New alliances between labor, greens and big business emerging

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The transformation of America’s environmental movement began, as ex-United Steelworkers board member David Foster recalls, in late 2004 in a borrowed conference room at a table surrounded by union officials, top aides and the always-present group of Washington assistants.


“We’re in this together,” Foster remembered Sierra Club Executive Director Carl Pope and Frances Beinecke, head of the Natural Resources Defense Council, telling USW President Leo Gerard.


About the same time, another group of environmentalists began networking with equally unlikely partners.


Jonathan Lash, president of the World Resources Institute, asked General Electric CEO Jeff Immelt to help lobby for a national climate policy. The dialogue they launched eventually became the basis of legislation now in Congress to cap greenhouse gas emissions.


“We had been lobbying for what we felt was right but not seeing the interconnectedness,” Foster said of the different efforts and their unusual coalitions.


Today, alliances between Big Business, labor and environmental groups — once nearly impossible to imagine — are not only restructuring political advocacy but also shaping policy in President Barack Obama’s Washington.


Labor unions, Fortune 500 corporations, utility companies and other corporate interests have joined forces with environmentalists in at least five different lobbying coalitions. The labor-environmentalist pact eventually became the Blue-Green Alliance, a strategic partnership of six unions, NRDC and the Sierra Club. And the meetings between Immelt and Lash grew into the United States Climate Action Partnership, an association of 26 utilities, manufacturers and technology companies and five environmental organizations.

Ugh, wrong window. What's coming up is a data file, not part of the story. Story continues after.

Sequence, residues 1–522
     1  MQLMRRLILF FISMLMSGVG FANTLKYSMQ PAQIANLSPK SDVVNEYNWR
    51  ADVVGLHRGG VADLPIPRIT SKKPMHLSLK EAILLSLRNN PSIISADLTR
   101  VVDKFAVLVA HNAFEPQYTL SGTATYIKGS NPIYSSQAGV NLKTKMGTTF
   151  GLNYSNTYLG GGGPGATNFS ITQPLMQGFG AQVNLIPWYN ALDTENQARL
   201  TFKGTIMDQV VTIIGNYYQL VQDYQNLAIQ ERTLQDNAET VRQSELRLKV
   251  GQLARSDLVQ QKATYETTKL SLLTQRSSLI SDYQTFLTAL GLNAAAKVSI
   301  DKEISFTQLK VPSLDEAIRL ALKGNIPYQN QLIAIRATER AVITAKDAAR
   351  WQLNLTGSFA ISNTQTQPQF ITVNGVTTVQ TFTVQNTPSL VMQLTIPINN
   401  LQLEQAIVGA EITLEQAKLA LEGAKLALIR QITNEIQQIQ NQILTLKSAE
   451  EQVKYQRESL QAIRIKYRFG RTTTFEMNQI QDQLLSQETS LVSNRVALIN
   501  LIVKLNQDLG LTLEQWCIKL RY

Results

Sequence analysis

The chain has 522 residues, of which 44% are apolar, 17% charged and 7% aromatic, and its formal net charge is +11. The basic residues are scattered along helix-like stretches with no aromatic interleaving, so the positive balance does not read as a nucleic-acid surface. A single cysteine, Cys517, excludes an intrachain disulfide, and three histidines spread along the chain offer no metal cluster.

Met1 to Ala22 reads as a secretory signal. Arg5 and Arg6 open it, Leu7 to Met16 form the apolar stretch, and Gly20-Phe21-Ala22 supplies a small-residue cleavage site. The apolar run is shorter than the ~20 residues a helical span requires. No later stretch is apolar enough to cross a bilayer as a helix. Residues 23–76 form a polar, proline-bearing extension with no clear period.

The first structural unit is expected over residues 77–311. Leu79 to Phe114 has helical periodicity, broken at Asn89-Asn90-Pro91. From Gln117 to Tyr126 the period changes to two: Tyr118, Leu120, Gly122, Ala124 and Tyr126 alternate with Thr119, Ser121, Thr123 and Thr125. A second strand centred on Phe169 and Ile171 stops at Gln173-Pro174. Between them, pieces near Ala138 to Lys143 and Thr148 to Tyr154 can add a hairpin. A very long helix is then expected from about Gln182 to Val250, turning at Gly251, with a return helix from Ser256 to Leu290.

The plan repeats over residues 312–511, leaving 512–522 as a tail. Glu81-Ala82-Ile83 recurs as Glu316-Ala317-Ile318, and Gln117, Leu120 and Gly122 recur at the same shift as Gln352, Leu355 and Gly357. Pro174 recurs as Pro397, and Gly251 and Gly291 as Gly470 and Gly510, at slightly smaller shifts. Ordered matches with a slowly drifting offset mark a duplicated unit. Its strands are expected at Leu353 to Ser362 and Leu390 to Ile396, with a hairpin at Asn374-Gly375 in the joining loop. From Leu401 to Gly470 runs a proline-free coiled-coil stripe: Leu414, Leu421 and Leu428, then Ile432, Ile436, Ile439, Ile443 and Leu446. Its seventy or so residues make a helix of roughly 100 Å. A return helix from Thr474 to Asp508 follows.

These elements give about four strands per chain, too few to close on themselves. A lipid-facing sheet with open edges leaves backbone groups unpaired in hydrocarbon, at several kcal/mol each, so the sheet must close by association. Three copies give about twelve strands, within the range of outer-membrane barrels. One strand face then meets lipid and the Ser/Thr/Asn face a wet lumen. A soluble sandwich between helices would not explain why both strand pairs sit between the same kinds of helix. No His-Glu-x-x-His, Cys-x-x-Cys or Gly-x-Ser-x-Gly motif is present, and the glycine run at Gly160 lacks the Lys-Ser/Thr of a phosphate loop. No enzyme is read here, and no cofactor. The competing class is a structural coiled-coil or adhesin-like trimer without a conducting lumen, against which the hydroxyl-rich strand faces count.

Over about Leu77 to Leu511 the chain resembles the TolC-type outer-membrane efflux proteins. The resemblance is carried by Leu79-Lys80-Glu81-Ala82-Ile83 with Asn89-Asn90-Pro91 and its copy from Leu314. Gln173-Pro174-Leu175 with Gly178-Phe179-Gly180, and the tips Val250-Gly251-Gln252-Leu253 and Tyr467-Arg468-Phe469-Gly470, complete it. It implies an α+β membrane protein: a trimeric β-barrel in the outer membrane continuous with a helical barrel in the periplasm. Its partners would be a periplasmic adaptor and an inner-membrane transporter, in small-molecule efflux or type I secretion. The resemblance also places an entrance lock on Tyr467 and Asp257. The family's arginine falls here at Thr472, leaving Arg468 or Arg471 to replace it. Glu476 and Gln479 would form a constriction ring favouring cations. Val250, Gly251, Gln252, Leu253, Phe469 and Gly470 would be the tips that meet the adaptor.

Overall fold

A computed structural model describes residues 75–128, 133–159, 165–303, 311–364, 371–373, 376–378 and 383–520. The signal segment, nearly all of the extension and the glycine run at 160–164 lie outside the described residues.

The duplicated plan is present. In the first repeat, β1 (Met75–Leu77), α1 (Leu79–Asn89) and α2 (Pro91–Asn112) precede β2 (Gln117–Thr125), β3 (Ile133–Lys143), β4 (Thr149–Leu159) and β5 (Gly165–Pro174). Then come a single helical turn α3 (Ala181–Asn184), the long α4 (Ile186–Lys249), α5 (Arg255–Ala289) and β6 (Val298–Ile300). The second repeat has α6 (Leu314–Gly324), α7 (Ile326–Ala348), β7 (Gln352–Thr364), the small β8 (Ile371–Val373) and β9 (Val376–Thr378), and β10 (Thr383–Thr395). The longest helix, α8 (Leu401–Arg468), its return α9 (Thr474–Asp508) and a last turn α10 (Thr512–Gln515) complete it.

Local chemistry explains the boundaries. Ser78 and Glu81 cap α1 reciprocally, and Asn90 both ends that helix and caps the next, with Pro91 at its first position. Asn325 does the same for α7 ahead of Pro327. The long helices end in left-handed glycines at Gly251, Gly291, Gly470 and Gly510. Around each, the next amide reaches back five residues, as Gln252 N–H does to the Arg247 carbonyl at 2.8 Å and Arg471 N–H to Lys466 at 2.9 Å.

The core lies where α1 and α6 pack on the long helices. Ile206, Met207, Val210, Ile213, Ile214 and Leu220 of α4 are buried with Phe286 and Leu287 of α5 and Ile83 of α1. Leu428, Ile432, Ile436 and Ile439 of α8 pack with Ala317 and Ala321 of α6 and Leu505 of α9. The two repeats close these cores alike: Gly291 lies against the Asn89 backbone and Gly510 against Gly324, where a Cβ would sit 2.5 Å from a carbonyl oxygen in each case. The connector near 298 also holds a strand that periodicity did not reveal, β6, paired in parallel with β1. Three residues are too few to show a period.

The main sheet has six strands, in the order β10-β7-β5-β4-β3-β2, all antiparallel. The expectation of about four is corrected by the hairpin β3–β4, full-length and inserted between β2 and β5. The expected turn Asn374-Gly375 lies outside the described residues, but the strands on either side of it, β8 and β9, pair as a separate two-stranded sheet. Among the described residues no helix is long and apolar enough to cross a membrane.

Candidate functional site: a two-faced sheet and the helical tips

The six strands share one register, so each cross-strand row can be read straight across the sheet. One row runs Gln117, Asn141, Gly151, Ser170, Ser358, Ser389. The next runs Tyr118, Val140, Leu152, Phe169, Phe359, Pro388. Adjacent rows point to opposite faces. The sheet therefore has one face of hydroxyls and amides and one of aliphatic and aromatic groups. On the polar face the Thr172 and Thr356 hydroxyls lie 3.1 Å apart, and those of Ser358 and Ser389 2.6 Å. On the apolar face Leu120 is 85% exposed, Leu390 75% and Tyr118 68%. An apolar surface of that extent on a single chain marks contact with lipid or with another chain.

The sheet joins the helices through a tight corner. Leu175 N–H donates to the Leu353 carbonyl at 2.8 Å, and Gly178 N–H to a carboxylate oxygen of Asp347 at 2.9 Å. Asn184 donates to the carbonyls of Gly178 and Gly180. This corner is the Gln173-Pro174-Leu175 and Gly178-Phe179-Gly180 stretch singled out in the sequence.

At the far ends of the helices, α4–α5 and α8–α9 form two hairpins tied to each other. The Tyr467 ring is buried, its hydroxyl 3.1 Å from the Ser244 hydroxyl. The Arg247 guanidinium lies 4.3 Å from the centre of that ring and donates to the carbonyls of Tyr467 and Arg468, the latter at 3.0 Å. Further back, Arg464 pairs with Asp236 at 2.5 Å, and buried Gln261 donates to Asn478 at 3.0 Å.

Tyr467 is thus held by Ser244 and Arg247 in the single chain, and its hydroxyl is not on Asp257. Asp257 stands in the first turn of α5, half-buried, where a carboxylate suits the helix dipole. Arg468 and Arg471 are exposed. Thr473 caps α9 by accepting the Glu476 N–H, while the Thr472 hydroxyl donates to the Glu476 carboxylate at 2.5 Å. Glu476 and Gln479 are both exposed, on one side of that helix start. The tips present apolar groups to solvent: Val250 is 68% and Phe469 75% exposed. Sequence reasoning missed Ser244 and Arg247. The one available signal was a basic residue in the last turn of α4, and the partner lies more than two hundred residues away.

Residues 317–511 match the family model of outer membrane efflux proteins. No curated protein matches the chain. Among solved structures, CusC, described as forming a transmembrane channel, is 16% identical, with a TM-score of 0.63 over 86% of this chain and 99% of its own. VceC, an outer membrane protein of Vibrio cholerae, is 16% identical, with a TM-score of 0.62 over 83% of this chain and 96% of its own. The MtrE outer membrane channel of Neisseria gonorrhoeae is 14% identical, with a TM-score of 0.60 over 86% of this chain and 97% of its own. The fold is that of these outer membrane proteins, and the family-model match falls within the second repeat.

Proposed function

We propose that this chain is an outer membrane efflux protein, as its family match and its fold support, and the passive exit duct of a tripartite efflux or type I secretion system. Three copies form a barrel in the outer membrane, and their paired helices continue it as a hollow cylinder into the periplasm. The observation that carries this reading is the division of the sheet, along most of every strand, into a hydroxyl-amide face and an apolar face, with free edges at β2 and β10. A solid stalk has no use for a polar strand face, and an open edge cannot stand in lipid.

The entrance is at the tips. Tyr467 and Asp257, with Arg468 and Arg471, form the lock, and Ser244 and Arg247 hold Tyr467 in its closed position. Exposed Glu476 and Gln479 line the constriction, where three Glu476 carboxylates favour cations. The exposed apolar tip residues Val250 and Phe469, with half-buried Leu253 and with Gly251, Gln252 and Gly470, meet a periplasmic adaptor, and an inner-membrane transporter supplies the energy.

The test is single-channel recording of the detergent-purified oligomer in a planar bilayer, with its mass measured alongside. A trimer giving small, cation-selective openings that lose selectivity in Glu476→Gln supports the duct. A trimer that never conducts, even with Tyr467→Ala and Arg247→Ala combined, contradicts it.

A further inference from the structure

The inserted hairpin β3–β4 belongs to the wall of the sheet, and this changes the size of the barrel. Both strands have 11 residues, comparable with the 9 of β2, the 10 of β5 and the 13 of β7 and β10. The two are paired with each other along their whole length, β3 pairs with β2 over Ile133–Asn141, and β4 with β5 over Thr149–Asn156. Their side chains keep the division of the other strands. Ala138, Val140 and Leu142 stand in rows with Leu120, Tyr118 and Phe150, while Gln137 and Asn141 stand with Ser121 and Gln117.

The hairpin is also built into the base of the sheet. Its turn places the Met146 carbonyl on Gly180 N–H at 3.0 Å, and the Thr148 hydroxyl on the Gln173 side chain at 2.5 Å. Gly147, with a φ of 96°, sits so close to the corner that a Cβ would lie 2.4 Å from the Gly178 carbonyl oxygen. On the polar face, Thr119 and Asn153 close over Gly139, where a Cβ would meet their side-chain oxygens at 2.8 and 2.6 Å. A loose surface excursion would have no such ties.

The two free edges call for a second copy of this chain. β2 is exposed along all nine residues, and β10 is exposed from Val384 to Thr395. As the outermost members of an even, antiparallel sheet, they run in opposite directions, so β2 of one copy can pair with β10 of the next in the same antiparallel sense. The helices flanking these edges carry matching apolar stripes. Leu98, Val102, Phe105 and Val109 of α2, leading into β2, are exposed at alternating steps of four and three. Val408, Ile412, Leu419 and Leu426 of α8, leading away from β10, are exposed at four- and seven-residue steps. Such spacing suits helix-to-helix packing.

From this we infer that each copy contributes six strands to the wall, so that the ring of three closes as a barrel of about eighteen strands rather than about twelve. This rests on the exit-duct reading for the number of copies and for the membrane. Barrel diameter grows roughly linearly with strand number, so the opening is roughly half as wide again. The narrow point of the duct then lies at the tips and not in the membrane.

All of the groups are focused on a very big goal: a cap-and-trade system that will curb greenhouse gas emissions across the economy.


“We are talking about transforming the energy economy of the country and the world,” said Beinecke. “Our aim is to have the biggest tent possible, taking into account what the concerns are — from business to labor to the environmental community — and crafting something that can get the broader support.” 


The alliances are particularly remarkable because in the past, environmentalists had frequently battled with both labor and business over conservation efforts, new environmental standards and cleanups.


“It was a fairly ‘out there’ decision,” Beinecke said of forging the alliances, “because you were going in not knowing what you were going to come out with.”

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Taylor, T. (2009). New alliances between labor, greens and big business emerging. Retrieved from


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